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Battle Of The Somme

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The Back Cover

 Ian Campbell the noted musician had this to say about this tune:
 
Dave [Swarbrick] learnt this noble tune from his friend and teacher. Beryl Marriott, who, before emigrating to Canada, worked hard for many years, keeping traditional dance music alive in the Midlands of England. Dave says it was composed by the late Pipe Major Robertson of the Gordon Highlanders, an almost legendary figure in the world of piping, who created many other striking melodies. Some of them have had words put to them by Hamish Henderson.
 from the liner notes of the album

Contemporary Campbell's
1966Transatlantic TRA 137 LP

The Battle of the Somme

Fairport Convention has a live version of this tune and it can be found on the House Full album, recorded live at the Troubadour in Los Angeles

The Battle of The Somme

soldiers at The Battle of the Somme [Click]

The battle which took place between July 1st, 1916 and November 13th, 1916 and resulted in over a million casualties, was, in this website's opinion the true end of the innocence, the great loss of those who truly believed in  'the great adventure" and most certainly the end of rural England as it had be known. The Battle of the Somme was planned as a joint French and British operation. The idea originally came from the French Commander-in-Chief, Joseph Joffre and was accepted by General Sir Douglas Haig, the British Expeditionary Force (BEF) commander, despite his preference for a large attack in Flanders. Although Joffre was concerned with territorial gain, it was also an attempt to destroy German manpower. At first Joffre intended for to use mainly French soldiers but the German attack on Verdun in February 1916 turned the Somme offensive into a large-scale British diversionary attack. General Sir Douglas Haig now took over responsibility for the operation and with the help of General Sir Henry Rawlinson, came up with his own plan of attack. Haig's strategy was for a eight-day preliminary bombardment that he believed would completely destroy the German forward defences.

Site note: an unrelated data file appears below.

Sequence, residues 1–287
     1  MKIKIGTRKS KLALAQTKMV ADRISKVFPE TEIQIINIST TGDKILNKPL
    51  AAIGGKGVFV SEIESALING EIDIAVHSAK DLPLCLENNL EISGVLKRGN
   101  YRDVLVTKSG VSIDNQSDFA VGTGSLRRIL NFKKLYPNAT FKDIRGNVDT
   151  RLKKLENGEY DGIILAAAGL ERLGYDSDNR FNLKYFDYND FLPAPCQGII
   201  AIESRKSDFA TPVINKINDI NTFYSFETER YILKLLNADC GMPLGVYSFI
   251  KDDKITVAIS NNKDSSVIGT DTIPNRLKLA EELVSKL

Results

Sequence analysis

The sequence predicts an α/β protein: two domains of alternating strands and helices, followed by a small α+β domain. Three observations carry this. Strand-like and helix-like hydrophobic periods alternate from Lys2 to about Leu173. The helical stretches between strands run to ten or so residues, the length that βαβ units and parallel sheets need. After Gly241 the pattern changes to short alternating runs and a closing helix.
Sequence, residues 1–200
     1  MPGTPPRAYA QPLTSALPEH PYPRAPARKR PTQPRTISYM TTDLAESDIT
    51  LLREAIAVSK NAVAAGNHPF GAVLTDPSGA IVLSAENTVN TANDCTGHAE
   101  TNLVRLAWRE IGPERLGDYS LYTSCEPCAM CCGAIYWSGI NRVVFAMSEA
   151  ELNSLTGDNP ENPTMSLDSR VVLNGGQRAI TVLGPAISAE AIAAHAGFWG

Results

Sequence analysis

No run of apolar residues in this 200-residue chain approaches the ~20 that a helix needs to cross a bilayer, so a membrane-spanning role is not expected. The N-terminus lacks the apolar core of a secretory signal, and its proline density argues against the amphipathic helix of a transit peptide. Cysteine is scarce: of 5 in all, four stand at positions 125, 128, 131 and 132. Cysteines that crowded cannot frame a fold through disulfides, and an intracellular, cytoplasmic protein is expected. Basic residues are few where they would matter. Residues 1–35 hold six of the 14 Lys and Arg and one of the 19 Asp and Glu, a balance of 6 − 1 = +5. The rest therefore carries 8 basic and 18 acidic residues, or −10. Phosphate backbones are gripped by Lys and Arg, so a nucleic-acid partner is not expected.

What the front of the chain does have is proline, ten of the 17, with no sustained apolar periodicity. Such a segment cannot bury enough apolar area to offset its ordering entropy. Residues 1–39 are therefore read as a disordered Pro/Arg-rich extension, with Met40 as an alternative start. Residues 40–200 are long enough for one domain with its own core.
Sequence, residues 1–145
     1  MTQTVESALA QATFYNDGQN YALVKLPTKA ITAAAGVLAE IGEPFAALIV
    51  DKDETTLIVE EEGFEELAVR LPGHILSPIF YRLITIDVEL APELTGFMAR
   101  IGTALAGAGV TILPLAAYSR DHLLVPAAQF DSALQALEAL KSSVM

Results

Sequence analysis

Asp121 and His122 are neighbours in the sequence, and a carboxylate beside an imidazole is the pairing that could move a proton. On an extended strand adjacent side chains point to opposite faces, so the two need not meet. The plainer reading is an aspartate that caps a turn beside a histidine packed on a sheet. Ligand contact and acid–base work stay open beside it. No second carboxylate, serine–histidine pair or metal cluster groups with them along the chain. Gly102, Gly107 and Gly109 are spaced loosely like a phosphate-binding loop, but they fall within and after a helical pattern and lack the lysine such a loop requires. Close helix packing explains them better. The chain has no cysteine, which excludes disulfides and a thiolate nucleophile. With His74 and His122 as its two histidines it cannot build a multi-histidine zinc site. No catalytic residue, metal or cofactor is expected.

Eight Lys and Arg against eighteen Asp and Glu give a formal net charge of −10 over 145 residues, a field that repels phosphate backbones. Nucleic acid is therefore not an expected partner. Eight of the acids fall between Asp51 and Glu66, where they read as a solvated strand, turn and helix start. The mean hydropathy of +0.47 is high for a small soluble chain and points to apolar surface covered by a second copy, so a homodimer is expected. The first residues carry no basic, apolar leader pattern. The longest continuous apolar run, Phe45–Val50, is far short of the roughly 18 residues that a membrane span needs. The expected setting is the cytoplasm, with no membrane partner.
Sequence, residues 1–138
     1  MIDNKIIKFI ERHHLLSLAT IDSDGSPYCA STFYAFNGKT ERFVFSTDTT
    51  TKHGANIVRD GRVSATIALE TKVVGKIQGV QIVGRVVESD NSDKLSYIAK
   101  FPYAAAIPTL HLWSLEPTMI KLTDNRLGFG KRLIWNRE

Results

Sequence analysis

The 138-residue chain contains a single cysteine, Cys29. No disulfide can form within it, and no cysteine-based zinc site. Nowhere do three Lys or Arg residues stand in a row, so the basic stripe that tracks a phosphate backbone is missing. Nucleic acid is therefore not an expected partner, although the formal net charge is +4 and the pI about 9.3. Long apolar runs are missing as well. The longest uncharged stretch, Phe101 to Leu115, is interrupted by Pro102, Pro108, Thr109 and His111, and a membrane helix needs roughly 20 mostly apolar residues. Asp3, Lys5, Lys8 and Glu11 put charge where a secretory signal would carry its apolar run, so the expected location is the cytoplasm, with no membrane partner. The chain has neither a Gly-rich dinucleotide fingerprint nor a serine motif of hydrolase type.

General Sir Henry Rawlinson was was in charge of the main attack and his Fourth Army were expected to advance towards Bapaume. To the north of Rawlinson, General Edmund Allenby and the British Third Army were ordered to make a breakthrough with cavalry standing by to exploit the gap that was expected to appear in the German front-line. Further south, General Fayolle was to advance with the French Sixth Army towards Combles. Haig used 750,000 men (27 divisions) against the German front-line (16 divisions). However, the bombardment failed to destroy either the barbed-wire or the concrete bunkers protecting the German soldiers. This meant that the Germans were able to exploit their good defensive positions on higher ground when the British and French troops attacked at 7.30 on the morning of the 1st July. The BEF suffered 58,000 casualties (a third of them killed), therefore making it the worse day in the history of the British Army. Haig was not disheartened by these heavy losses on the first day and ordered General Sir Henry Rawlinson to continue making attacks on the German front-line. A night attack on 13th July did achieve a temporary breakthrough but German reinforcements arrived in time to close the gap. Haig believed that the Germans were close to the point of exhaustion and continued to order further attacks expected each one to achieve the necessary breakthrough. Although small victories were achieved, for example, the capture of Pozieres on 23rd July, these gains could not be successfully followed up.
On 15th September General Alfred Micheler and the Tenth Army joined the battle in the south at Flers-Courcelette. Despite using tanks for the first time, Micheler's 12 divisions gained only a few kilometres. Whenever the weather was appropriate, General Sir Douglas Haig ordered further attacks on German positions at the Somme and on the 13th November the BEF captured the fortress at Beaumont Hamel. However, heavy snow forced Haig to abandon his gains.
With the winter weather deteriorating Haig now brought an end to the Somme offensive. Since the 1st July, the British has suffered 420,000 casualties. The French lost nearly 200,000 and it is estimated that German casualties were in the region of 500,000. Allied forces gained some land but it reached only 12km at its deepest points.

about WW.1

the battlefield, photographs,
text, film, all you need to know
about this terrible battle

the First World War.com
website pages on one
of the most horrific battles
of WW. 1

a huge searchable data base of
of The British Army in France
and Flanders, Gallipoli and
The Homefront including many
photos of womens war work.

 
massive thanks go out to
 coramunroe for the you tube video feeds
to be found on this site
 
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